1. Not finding help here? Sign up for a free 30min tutor trial with Chegg Tutors
    Dismiss Notice
Dismiss Notice
Join Physics Forums Today!
The friendliest, high quality science and math community on the planet! Everyone who loves science is here!

Forces/coefficient of friction

  1. May 13, 2005 #1
    A box of canned goods slides down a ramp from street level into the basement of a grocery store with acceleration 0.65 m/s2 directed down the ramp. The ramp makes an angle of 35 degrees with the horizontal. What is the coefficient of kinetic friction between the box and the ramp?

    I have been trying to figure this out for a while. Heh.

    So far I drew my picture. One thing I am confused about is what direction friction is in.
    I thought that since the box is sliding downward with a force, then the frictional force is up and opposite of that sliding force. I might have this mixed up. I dont know if there is a force pushing it down.

    Then I broke it up into X component forces:

    Fa - friction (making the downward direction positive) + Wx = ma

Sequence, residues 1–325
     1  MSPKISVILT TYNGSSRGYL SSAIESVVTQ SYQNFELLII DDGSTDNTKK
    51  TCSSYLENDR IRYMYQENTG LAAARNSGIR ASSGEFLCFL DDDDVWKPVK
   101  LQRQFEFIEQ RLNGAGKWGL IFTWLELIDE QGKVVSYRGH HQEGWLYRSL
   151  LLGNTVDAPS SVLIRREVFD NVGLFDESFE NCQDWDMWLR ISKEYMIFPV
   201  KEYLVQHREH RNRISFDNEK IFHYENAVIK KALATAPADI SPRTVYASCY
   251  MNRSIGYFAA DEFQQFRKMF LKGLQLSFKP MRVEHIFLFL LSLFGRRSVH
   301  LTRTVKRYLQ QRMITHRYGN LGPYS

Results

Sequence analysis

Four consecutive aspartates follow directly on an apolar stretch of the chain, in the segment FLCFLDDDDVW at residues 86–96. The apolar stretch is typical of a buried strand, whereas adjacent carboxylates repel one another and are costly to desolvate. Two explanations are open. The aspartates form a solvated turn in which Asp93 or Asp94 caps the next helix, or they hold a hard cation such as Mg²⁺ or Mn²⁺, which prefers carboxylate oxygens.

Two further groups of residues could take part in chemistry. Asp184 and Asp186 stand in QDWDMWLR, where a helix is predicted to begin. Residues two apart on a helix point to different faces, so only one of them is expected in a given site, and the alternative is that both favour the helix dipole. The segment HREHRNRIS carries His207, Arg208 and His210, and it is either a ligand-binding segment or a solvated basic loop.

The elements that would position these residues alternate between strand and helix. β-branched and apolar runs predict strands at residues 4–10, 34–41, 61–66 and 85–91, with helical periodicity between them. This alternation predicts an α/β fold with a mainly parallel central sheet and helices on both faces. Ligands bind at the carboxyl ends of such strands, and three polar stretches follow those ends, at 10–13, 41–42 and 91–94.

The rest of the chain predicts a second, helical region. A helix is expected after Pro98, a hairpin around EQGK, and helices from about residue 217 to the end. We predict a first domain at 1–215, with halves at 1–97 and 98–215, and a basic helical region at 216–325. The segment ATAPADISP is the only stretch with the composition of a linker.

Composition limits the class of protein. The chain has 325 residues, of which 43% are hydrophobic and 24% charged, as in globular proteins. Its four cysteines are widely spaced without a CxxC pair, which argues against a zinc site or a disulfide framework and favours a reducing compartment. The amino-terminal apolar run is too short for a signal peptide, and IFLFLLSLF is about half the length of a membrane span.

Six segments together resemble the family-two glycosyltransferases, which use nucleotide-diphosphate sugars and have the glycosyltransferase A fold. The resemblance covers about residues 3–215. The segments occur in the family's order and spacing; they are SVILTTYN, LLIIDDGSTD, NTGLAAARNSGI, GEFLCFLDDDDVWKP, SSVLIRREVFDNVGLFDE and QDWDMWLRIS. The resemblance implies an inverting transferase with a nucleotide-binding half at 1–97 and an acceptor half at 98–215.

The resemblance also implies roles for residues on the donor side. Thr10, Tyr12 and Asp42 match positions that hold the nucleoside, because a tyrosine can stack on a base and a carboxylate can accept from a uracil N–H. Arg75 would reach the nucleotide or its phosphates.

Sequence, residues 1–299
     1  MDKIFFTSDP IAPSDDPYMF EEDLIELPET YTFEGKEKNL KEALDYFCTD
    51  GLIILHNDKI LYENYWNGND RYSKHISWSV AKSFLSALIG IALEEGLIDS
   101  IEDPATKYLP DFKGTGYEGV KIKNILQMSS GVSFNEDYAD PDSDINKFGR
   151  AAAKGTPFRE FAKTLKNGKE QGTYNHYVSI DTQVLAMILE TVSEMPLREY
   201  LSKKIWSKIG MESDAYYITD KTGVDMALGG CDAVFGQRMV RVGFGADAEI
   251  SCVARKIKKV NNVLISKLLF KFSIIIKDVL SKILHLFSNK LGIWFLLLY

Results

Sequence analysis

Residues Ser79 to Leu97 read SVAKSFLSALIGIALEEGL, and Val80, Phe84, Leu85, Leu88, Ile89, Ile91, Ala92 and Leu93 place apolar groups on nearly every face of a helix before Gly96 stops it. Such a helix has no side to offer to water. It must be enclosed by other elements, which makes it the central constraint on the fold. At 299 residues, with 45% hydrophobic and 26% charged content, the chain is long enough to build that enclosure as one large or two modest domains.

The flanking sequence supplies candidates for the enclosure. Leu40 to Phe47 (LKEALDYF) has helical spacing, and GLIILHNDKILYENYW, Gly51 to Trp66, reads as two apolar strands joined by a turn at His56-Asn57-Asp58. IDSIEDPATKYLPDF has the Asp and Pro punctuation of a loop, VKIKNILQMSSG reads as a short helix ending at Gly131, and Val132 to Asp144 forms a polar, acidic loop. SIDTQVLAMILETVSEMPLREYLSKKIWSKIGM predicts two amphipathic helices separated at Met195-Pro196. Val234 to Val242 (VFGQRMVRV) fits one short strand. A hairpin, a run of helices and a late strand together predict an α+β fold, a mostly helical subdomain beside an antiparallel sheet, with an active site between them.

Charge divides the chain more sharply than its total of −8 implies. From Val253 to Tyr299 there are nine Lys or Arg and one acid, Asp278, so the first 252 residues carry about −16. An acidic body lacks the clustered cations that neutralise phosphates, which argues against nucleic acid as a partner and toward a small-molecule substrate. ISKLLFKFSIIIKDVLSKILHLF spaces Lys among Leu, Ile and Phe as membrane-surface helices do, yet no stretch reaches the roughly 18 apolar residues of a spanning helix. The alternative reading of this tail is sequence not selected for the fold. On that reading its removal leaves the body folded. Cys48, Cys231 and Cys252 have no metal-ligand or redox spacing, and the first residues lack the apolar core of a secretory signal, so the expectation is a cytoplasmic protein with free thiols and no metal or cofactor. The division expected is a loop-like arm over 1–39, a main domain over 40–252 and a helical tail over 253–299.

Then I became confused about the Fa and wondered if it even belongs.

    So then:
    -f + wx = ma
    -Mu(mg) + mgsin35 = ma (then cancel out the masses)
    Mu(g) + gsin35 = a

    Mu(g) = a - gsin35
    Mu = a - sin35

    I have done something wrong. If anyone can help me figure this out, I would really appreciate it. I have tried my best! :cry:
     
  2. jcsd
  3. May 13, 2005 #2

    OlderDan

    User Avatar
    Science Advisor
    Homework Helper

    There are three forces in the problem, one of which you are going to break into components.

    1) Gravity (weight)- points straight down- break it into a component parallel to the plane and a component perpendicular to the plane

    2) Normal force- points opposite and is equal in magnitude to the gravity component perpendicular to the plane.

    3) Friction- points up the plane and is equal to the magnitude of the normal force times the coefficient of friction. The sum of the opposing forces (difference of magnitude) of the gravity component parallel to the plane and the friction force is the net force acting on the box, so it is equal to the mass of the box times the acceleration.

    If you get the directions of those forces right, and you can do the trig right to break the gravity into two components, you will get the answer.
     
Know someone interested in this topic? Share this thread via Reddit, Google+, Twitter, or Facebook

Have something to add?



Similar Discussions: Forces/coefficient of friction
Loading...